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9 time sex offender agrees to spend a minimum of 20 years in prison

LACONIA — A former Union Avenue man will serve 25 to 50 years in state prison for having sexual contact with two minors behind the Gilford Cinemas in October of 2013.

David Ferland, 38, pleaded guilty yesterday to one count of felonious sexual assault, one count of sexual assault, one count being a sex offender and of failing to register an on line identity with authorities, and one count of failing to report.

Judge Larry Smukler accepted Ferland's plea yesterday in the Belknap County Superior Court. He also ruled that should Ferland complete a sex offender's education program while in prison, five years of the minimum sentence can be suspended.

Deputy Asst. Belknap County Attorney Carley Ahern told Smukler that Ferland has nine previous convictions for felonious sexual assault and 21 convictions for possession of child pornography. Because of his record, he could have been sentenced to life in prison.

Ferland was sentenced to 25 to 50 years for the felonious sexual assault, 3 1/2 to seven years not registering an on line profile with police, 3 1/2 to seven years for sexual assault, and 12 months in the house of corrections for failure to report to police.

The two other prison sentences will be served concurrently with the primary sentence while the 12 months in the house of corrections was suspended pending good behavior.

The charges came to light when one of the victim's parents noticed some images on his daughter's cell phone and notified the Gilford Police. Investigators realized the same baseball cap was in both photos and showed the photos to other law enforcement agencies including the N.H. Division of Parole and Probation.

Ferland's parole officer recognized the chest of drawers in one of the photos and told police he knew where the photo was taken.

During his interview at the jail, police said he told them he agreed to buy some flavored vodka for the two 15-year-old victims in exchange for the digital penetration of one while the other touched him.

Ahern told Smukler that the police were in agreement with the negotiated plea bargain and that she had spoken to both victims and their parents. She said one of the victims felt Ferland deserved the death penalty but she explained to her and her family that it wasn't possible.

Neither victim was in court yesterday. Ferland chose not to speak.

Last Updated on Wednesday, 16 July 2014 12:12

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Council cuts a little from Wow Trail before adopting FY2015 budget

LACONIA — The City Council formally adopted the 2014-1015 municipal budget on Monday after approving a mix of budget adjustments — revenue increases and expense reductions — that trimmed the amount to be raised by property taxes by $122,000 and kept the projected rise in the property tax rate to about 25 cents.
The grand total appropriation for the fiscal year that began July 1, including the city budget, school district budget and county assessment, is $62.3million, an increase of $2.7 million or 4.5 percent. However, since revenues from sources other than property taxes grew $1.7 million, or 7 percent, to $26.3 million, the amount to be raised by property taxes rose by $988,873, or $2.8 percent, from $35-million to $36-million.

The property tax rate is projected to increase from $22.08 to $22.33, although the exact number won't be determined until the state certifies the total value of taxable property in the city.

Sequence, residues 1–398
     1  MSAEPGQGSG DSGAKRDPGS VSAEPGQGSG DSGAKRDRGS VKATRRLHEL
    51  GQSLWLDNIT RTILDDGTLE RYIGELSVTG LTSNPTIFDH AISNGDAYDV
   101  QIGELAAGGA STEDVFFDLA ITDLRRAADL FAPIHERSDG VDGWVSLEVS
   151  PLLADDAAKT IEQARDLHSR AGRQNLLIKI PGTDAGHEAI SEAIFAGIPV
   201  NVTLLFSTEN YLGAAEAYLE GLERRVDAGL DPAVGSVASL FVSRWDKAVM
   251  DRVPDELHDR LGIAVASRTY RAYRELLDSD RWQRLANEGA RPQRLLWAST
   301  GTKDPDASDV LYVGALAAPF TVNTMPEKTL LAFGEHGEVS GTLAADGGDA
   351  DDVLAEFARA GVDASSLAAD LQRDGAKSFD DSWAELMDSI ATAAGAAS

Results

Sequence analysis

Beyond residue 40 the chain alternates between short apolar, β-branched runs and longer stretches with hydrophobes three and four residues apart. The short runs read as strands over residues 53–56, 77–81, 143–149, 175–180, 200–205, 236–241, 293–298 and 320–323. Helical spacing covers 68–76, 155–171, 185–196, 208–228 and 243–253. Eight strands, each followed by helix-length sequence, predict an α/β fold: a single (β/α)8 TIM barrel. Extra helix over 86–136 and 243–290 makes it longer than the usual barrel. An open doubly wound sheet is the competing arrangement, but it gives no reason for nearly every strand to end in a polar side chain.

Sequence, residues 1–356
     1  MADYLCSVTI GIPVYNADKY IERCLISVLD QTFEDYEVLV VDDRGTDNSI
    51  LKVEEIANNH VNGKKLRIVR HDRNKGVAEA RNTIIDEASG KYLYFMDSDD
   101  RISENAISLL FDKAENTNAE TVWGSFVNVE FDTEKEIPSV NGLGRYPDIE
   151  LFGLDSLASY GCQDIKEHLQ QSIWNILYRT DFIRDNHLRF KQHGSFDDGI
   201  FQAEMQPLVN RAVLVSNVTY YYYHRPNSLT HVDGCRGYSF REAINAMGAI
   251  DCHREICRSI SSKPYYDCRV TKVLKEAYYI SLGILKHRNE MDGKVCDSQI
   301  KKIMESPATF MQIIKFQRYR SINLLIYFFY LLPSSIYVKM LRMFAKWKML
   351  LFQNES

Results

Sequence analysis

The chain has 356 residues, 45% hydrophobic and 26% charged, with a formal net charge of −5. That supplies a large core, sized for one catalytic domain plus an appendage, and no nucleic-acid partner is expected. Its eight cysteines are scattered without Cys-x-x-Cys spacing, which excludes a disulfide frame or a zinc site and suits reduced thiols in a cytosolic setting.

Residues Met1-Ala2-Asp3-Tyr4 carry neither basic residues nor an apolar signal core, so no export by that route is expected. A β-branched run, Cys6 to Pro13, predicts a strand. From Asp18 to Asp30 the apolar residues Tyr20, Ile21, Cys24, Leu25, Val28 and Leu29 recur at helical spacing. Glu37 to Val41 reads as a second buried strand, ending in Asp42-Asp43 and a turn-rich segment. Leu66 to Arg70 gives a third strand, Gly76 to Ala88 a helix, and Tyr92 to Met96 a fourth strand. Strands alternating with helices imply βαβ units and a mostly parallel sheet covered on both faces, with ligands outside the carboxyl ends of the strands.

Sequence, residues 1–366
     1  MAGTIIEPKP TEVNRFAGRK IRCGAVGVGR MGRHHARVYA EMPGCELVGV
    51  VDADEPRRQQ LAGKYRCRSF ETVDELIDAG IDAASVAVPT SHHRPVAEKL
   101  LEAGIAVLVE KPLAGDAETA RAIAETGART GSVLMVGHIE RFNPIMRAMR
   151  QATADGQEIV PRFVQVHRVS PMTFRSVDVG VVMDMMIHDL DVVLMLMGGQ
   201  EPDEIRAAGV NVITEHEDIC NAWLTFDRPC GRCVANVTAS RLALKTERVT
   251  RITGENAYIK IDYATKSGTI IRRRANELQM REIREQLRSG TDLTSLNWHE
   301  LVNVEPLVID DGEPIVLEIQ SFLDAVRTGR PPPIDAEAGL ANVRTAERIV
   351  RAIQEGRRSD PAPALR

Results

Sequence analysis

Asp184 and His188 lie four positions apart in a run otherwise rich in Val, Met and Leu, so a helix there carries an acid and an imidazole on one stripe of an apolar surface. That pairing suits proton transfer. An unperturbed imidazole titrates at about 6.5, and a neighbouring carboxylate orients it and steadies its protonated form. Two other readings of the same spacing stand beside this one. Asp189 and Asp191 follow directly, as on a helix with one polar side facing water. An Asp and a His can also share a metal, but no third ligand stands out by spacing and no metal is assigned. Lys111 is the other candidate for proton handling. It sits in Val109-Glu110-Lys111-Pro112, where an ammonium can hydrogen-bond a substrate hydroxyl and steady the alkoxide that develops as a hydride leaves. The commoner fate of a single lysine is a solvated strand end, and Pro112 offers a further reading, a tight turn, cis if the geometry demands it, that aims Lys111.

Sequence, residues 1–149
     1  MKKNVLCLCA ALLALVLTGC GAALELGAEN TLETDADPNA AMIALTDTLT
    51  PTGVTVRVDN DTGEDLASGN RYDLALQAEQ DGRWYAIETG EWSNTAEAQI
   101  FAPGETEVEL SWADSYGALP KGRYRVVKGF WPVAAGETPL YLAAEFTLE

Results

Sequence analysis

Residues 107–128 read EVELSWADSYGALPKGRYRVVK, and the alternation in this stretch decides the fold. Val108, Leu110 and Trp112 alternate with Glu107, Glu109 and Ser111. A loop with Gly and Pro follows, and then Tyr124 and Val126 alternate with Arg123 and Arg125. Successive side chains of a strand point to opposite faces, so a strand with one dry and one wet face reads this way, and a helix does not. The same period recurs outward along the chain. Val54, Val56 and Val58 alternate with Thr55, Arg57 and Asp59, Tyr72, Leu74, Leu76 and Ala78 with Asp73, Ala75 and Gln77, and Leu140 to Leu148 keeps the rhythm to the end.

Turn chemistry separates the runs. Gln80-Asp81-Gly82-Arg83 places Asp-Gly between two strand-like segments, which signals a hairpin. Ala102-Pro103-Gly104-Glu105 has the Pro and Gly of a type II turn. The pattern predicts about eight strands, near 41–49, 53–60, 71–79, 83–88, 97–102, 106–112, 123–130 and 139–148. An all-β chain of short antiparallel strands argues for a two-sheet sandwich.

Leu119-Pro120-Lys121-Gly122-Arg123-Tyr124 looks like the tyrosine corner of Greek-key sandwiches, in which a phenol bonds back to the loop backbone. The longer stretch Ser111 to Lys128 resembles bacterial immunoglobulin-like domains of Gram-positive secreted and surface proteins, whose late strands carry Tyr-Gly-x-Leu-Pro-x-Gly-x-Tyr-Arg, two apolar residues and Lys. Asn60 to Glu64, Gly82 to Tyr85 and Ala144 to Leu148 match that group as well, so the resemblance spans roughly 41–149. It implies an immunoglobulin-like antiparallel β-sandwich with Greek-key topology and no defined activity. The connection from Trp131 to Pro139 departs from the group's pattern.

After weighing changes to the budget originally proposed by City Manager Scott Myers in March two weeks ago, the council confirmed them this week. Myers recommended raising the projected revenues from motor vehicle registrations by $30,000, from $2,150,000 to $2,180,000, reducing the appropriation for the employer's share of health insurance premiums by $30,000 and eliminating a $20,000 appropriation for preparing the Master Plan to reflect receipt of a grant for the purpose.
At the same time, the council agreed to eliminate $25,000 for a study of the intersection of Court Street and Fair Street from the capital outlay budget and reduced the appropriation for Lakers Region Public Access Television by $10,000. School Superintendent Terri Forsten and members of the School Board the council agreed to increase School District revenues by $30,000 and council agreed to decrease expenditures by the same amount for a net impact of $60,000.
Meanwhile, the council agreed to appropriate an additional $50,000 to the Police Department to strengthen targeted patrolling for drug enforcement as well as to coordinate community programs aimed at preventing and treating drug abuse. Councilors also added another $10,000 to the overall budget, $7,000 to service the debt on the high estimate to construct a new fire station and $3,000 increased dues to the Laconia Motorcycle Week Association. Altogether the additional expenditures amount to $60,000.
Altogether the adjustments, higher revenues and lower expenses amount to $175,000. Less the $60,000 in additional expenditures, the net effect reduced the tax commitment by $115,000.

In addition, the council, by a vote of five-to-one, endorsed a proposal by Councilor Brenda Baer (Ward 4) to reduce the appropriation for the Winnipesaukee-Opechee-Winnisquam (WOW) Trail from $15,000 to $8,000, to bring the total reduction in the amount to be raised by property taxes to $122,000.
Two other proposals failed to gain a consensus of the council. Baer proposed eliminating the $32,000 appropriated to fund the salaries, benefits and related expenses of four firefighters for five weeks. The firefighters were hired with a Staffing for Adequate Fire and Emergency Response (SAFER) grant of $642,028 from the federal government, which expires in April 2015. Baer said that since there is no plan for funding the positions once the grant expires and the additional personnel have not led to a significant reduction in the cost of overtime, she believes the positions should be eliminated for the last five weeks of fiscal year 2015 budget.